After reading a chapter titled “African American Family” in my Africana Studies: A Survey of Africa and the African Diaspora textbook, I was left with some questions regarding the relationship between black men and women. “In accordance with the official 2000 census count, black men are 2.82 times more likely to marry outside of their race, predominately to white women, than black women are to marry outside of their race” (392). This statistic resonated with me because previously noted in this chapter was that black families were dominantly matriarchal. After reading this, I came to the conclusion that since during slavery “woman assumed authority over the children while the father, fear and relegated to the fields…” (386). Given the fact that black women were responsible for raising children and served as concubines to their slave masters, they in a sense acquired more power and privilege than the black men during this era in regards to having more access to resources and having the privilege to reside within the residence with the master. Given this history, I wonder if this is one of the prominent reasons why black men have a preference for white women opposed to black women. Do they think that black women are too strong? Do some black men subconsciously resent the independence and resilience of black women, for it forces them to question their masculinity?
In the chapter titled “Legitimate Trade, Democracy, and the Slave Trade”, author M. Alpha Bah informs readers on the political and social factors of Africa which in some ways aided internal slavery, which later aided the Trans-Atlantic Slave Trade.
After reading this section, I’ve been left with a few questions. If Portuguese natives, lancados, found the beauty in African culture, enough to settle along its’ coast, marry its women and adopt its customs, why couldn’t all Europeans acknowledge and respect the beauty of Africa? I am also curious as to the baptism of the African slaves upon their entrance into the New World. Why would the Catholic Church demand that European slave traders baptize them? If Africans were deemed ‘inhumane’ enough to be forced into bondage, why should the ‘guarantee of their salvations’ even matter? Did this signify European guilt of their exploitation of human beings?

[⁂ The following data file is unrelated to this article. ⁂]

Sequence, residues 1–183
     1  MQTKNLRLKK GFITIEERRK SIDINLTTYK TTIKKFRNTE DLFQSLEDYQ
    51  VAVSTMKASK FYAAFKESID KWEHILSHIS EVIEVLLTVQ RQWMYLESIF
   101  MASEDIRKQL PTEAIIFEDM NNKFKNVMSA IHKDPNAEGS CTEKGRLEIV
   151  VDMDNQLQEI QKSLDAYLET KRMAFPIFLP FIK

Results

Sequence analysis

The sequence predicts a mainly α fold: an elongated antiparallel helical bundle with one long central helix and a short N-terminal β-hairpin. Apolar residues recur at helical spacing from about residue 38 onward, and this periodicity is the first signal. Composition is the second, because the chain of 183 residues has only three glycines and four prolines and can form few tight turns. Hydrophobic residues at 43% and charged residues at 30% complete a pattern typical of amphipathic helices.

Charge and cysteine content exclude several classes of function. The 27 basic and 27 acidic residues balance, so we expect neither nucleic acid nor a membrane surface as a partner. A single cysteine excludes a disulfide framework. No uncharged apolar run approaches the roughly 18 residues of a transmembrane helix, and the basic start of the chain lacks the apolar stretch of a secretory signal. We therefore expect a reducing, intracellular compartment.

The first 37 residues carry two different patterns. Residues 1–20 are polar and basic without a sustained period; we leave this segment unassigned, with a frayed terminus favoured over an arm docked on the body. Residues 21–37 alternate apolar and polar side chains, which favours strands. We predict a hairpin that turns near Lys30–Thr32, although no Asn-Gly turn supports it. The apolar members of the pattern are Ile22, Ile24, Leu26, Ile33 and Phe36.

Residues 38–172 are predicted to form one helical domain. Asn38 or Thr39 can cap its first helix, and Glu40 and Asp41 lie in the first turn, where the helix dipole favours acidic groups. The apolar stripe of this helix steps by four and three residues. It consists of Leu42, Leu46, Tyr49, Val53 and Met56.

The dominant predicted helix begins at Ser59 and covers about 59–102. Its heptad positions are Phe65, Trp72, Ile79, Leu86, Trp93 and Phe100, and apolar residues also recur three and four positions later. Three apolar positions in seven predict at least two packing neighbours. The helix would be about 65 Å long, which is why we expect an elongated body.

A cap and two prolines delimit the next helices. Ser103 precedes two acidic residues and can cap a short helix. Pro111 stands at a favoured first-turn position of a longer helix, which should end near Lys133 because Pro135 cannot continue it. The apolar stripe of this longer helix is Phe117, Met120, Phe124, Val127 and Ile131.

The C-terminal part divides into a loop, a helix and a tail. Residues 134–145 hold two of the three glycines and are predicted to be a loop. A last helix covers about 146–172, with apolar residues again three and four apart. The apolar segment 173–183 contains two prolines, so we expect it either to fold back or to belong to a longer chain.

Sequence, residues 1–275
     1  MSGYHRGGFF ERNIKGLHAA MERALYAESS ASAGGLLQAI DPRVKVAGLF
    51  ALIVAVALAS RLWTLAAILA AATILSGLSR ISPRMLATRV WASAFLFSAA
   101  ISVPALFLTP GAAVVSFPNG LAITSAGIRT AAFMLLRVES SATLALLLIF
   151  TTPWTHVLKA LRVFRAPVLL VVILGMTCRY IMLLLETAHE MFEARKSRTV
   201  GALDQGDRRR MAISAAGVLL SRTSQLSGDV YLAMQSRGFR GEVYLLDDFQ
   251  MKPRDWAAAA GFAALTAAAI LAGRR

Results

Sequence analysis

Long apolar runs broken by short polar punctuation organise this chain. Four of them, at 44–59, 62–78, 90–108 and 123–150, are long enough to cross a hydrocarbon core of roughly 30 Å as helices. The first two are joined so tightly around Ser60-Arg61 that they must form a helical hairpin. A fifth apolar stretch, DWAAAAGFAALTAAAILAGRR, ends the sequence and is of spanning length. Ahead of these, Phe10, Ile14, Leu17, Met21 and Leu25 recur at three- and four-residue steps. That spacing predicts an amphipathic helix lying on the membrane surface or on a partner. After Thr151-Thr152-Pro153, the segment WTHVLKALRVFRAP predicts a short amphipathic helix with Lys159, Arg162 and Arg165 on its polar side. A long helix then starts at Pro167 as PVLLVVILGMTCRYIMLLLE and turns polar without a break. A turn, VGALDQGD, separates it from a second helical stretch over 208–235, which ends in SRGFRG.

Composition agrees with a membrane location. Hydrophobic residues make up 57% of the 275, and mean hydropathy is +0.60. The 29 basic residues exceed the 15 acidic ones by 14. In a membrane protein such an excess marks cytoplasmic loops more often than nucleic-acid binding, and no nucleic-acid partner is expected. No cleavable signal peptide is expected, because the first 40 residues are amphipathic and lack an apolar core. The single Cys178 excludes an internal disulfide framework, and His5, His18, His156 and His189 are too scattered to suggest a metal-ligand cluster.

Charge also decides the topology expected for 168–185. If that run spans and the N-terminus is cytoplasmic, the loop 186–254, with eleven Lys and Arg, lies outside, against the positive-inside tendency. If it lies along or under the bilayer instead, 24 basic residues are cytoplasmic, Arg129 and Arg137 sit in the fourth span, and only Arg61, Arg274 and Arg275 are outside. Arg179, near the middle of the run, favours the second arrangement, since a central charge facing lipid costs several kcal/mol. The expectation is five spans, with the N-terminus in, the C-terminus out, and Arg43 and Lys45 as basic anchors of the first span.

Immigrating to a new country can be terrifying, but continuously migrating back to where you’ve originated from during this journey can be even more frightening as both adapting and assimilating can prove even more difficult. In “The Ostrich”, written by Sudanese-born writer, Leila Aboulela, she informs readers of the difficulty of migrating given the cultural difference. “The Ostrich” tells of Sumra, a young, female, Sudanese-born student that studies abroad in London. The young woman migrates back and forth between her family who continues to reside in Khartoum with her Sudanese husband, Majdy, who resides in London.
I found this short story to be interesting because it emphasizes just how complex migrating into a new country can be for a person of color. This story highlights the complexity of one’s culture and identity and the struggle to maintain or abandon it given new societal norms.
Here is the link to the text, I think you guys will enjoy it.